The research is clear—according to a 2021 study published in the American Journal of Public Health, Black children had higher Child Protective Services (CPS) encounters than that of other children, and are more than twice as likely than white children to be investigated by CPS before they turn 18.
In a proclamation from President Biden, the White House has even called out “the histories of injustice in our Nation’s foster care system.”
“Throughout our history and persisting today, too many communities of color, especially Black and Native American communities, have been treated unequally and often unfairly by the child welfare system. Black and Native American children are far more likely than white children to be removed from their homes, even when the circumstances surrounding the removal are similar,” the proclamation reads.
“Once removed, Black and Native American children stay in care longer and are less likely to either reunite with their birth parents or be adopted. Too many children are removed from loving homes because poverty is often conflated with neglect, and the enduring effects of systemic racism and economic barriers mean that families of color are disproportionately affected by this as well,” continued the White House.
Roots of the discrimination occurring within CPS can be traced back to slavery, wherein the reproductive rights of Black women were under the control of others. Despite slavery being abolished, it is still legal to intervene in Black women’s lives.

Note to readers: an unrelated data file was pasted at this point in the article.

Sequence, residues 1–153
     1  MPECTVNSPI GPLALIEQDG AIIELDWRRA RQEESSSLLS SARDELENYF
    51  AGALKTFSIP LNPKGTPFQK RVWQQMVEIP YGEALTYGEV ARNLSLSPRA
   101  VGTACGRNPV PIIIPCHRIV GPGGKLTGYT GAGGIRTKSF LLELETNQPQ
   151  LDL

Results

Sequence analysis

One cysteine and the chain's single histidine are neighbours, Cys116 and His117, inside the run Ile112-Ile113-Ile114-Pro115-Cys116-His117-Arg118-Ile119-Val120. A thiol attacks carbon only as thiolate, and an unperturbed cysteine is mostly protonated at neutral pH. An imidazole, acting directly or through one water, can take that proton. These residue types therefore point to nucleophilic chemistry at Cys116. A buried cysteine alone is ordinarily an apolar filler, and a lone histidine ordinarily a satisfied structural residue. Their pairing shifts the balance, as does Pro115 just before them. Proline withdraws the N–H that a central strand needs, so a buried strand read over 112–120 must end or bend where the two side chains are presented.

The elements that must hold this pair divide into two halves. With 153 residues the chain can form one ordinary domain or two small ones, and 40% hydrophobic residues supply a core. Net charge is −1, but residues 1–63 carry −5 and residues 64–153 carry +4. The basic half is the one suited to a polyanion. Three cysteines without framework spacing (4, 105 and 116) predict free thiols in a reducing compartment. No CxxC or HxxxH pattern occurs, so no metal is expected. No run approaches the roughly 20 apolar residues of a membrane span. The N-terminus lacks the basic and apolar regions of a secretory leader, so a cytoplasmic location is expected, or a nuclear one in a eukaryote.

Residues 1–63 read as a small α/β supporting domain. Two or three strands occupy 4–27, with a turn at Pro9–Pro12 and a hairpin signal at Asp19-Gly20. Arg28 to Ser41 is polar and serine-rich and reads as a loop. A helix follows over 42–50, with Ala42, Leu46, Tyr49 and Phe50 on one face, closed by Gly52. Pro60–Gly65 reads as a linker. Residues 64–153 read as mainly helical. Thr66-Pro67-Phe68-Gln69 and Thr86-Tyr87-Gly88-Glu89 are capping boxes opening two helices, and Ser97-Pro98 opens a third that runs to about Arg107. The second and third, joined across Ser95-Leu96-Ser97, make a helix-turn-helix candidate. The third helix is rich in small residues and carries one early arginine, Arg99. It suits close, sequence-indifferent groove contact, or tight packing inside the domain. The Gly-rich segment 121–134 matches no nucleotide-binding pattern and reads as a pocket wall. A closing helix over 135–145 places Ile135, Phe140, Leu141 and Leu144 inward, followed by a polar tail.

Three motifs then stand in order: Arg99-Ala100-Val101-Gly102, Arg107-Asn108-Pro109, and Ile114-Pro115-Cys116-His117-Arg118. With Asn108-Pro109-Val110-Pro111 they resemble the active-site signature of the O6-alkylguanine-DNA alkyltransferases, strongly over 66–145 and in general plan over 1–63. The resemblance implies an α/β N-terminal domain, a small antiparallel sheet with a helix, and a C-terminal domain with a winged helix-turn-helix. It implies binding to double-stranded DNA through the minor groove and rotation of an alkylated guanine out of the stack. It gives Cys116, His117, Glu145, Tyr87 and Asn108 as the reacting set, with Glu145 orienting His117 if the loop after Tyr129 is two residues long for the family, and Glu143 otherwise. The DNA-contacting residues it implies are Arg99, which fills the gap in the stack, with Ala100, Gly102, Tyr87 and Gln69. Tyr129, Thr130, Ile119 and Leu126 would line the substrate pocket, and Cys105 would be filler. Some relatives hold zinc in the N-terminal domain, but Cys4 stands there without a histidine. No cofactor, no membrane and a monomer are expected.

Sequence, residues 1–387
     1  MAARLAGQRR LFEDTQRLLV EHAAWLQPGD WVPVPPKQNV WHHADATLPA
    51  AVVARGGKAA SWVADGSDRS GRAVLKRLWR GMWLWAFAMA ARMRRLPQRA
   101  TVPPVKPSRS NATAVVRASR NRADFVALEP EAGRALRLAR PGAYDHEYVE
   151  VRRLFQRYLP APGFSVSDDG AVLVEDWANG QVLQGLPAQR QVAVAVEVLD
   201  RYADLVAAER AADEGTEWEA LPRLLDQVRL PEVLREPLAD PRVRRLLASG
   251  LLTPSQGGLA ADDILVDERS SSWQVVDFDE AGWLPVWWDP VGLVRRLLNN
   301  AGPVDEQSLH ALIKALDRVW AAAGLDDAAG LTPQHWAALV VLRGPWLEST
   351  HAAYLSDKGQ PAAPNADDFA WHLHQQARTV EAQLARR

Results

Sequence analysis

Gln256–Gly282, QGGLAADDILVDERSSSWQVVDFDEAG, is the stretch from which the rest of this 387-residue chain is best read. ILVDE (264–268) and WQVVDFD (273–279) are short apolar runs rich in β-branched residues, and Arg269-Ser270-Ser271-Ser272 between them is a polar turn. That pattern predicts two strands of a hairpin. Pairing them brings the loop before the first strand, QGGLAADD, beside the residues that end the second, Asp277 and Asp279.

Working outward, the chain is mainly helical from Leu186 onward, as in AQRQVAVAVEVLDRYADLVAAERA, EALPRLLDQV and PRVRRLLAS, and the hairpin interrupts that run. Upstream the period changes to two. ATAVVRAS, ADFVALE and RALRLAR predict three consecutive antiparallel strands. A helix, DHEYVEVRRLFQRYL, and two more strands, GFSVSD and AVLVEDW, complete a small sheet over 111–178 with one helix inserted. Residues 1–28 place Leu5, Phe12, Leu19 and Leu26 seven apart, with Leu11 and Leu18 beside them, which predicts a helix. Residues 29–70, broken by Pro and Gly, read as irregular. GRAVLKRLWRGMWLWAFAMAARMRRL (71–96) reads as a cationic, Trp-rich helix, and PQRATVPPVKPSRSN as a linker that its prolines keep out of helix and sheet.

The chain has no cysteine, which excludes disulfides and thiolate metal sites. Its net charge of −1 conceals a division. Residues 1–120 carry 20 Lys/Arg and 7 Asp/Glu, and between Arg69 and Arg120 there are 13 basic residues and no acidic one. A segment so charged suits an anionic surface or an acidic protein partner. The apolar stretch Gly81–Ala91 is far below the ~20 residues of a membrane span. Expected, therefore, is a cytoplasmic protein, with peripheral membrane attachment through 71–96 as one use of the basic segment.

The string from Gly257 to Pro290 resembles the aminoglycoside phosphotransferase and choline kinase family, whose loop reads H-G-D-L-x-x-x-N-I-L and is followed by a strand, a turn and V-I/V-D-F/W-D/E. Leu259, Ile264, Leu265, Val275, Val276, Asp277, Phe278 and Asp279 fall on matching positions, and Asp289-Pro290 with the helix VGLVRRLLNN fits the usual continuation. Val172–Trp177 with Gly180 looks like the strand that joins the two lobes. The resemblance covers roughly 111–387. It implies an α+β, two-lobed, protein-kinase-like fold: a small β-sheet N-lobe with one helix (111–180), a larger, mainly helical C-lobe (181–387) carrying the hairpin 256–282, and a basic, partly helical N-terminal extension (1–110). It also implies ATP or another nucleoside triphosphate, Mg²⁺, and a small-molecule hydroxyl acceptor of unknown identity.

Former Child Protective Services worker Alan J. Dettlaff recently released a book covering this topic, Confronting the Racist Legacy of the American Child Welfare System: The Case for Abolition.
As Dettlaff told ESSENCE, “Since the earliest origins of the modern ‘child welfare’ system, Black children have been disproportionately separated from their families. Today, nearly one in ten Black children are separated from their families by the child welfare system, a rate more than double that of White children. But this is not a recent phenomenon.”
“I wrote this book to demonstrate that the practice of forcibly separating Black children from their families has been a tool used by the state to maintain oppression for over 400 years, dating back to the era of chattel slavery. This book is a call to learn from our history and recognize family separations for what they truly are – state-sanctioned racism and terror – and a call for this to end,” stated Dettlaff.
Dettlaff isn’t the only former social worker with this vantage point. Even workers for New York City’s Administration for Children’s Services agree. “For decades, Black families have complained that the city’s child welfare agency, the Administration for Children’s Services, is biased against them. It turns out that many of the agency’s own employees agree, according to a racial equity audit the agency commissioned but never publicly released,” The New York Times reports.
Black sociologist and advocate for social justice Dorothy Roberts has called this a civil rights issue, writing that, “[t]he color of America’s child welfare system undeniably shows that race matters to state interventions in families.”
“Viewing the racial disparity in the child welfare system as a group-based civil rights violation suggests an unorthodox form of redress. Instead of vindicating individual claims in court, it calls for broader social action,” said Roberts, offering up a revolutionary solution: “I see the child welfare system’s racial harm as a powerful argument in favor of radically transforming the system into one that generously and noncoercively supports families.”